Universities are large-scale operations in every sense of the word. From the number of students, to the faculty, to the state-of-the-art facilities, and the turnovers—higher education is big business. With different requirements across a university campus, it is no surprise that technology is becoming an important part of running a university or college smoothly. Video technology, in particular, is playing a big role in shaping how institutions operate and educate.
Video as a Teaching Tool
As technology immerses itself in the education system through electronic tablets, live-stream lectures, and instant connectivity on campus, teaching methods must keep up with the trends. In fact, younger generations have the benefits of instantaneous access to the digital world and social networks and are taking advantage of it more and more. The common denominator amongst them all is the dependency on video communication as a tool.
Video meetings are an emerging part of the framework of collaboration, a trend which is more frequently being adopted by the education sector. Universities, primary schools, and education non-profits alike are harnessing the power of live video to enhance learning, increase attendance, and improve communication. Now, a university can offer its students online courses through video conferencing, free lectures, and two professors from differing universities co-teaching classes. No longer does a student need to take time out of their day to meet with the professor during office hours, as video conferencing enables students to facilitate collaborative study groups.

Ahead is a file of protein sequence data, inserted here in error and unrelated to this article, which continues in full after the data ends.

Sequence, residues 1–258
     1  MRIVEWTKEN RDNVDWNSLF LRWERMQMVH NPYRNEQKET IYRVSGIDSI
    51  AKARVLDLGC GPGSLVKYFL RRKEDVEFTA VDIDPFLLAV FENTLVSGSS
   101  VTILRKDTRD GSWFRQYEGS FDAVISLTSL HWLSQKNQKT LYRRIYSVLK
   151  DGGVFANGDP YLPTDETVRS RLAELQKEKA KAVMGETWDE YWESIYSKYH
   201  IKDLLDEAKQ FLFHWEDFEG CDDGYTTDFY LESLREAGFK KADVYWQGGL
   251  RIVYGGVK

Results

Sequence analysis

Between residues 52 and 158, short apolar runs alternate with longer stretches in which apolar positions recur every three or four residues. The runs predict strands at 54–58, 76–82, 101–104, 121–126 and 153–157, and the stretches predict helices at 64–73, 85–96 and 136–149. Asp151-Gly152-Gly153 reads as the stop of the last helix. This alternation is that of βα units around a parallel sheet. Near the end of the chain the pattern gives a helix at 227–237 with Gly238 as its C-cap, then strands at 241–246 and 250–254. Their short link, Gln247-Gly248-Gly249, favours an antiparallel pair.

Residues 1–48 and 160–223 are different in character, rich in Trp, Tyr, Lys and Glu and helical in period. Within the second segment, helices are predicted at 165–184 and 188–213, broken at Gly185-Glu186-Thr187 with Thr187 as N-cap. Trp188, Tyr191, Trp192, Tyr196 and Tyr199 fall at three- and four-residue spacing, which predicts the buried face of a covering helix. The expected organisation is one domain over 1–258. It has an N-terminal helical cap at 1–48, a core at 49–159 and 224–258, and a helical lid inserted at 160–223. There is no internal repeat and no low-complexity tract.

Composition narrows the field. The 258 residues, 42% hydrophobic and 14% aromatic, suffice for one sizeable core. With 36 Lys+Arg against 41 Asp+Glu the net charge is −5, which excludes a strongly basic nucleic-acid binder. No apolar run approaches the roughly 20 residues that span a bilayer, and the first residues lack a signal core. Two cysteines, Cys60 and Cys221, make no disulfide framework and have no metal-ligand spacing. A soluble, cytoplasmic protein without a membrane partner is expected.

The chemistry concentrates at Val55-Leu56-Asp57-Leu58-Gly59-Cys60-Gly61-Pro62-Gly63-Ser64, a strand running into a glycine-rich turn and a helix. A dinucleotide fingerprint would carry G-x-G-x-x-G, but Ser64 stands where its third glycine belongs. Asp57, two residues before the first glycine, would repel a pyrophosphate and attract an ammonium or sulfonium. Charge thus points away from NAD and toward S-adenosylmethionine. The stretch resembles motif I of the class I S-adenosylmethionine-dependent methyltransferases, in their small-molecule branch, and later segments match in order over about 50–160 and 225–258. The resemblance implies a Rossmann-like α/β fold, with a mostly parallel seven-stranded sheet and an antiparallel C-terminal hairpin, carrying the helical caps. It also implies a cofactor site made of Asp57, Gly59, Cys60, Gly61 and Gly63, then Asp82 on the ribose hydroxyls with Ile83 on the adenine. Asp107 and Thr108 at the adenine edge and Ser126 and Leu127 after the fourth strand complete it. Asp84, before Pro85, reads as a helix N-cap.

As student fees continue to rise, one in four students are now living with their parents during their studies due to the financial burdens—limiting them to local universities. Even with part-time jobs and financial support from family, attending university is a big investment. It’s not just students either, running costs of universities are considerable and margins are bound to be tight. Video technology could enable universities to teach students remotely, whether the students are based domestically or around the world. In turn, this could bring down the costs for both students and universities alike.
Improving the Admissions Process
The clearing process can be a lengthy and testing exercise for both students and admissions officers. With the number of admissions down for the first time since 2012, universities must tap into their target market’s methods of communication, including social media and live video.
What if a student could receive an offer from a university via a live video call from an admissions officer? What if the interview process was facilitated via video, eliminating the nerve-inducing waiting period? Live video and video conferencing solutions have the capabilities to reach hundreds of students simultaneously and efficiently. Replacing the phone with video can make geographical borders obsolete, improving the numbers of international applications.
The potential for widespread use of video during the admissions process has the possibility to not only make the process more efficient and streamlined for students and faculty, but to totally transform it. For example, Staffordshire University is exploring the idea of offering places in the process through Facebook Live, Snapchat, and Twitter in order to minimise the worry and speed up the process. Moreover, video isn’t restricted to one country code, and with admissions figures the lowest they’ve been in six years, the time to embrace video is now.
The argument for use of video technology within higher education is a compelling one. There is a real opportunity to promote a more collaborative and pioneering method of teaching in the classroom. Video technology could also have financial benefits, potentially reducing the costs for students and institutions, whilst opening the door to students globally and improving the clearing process.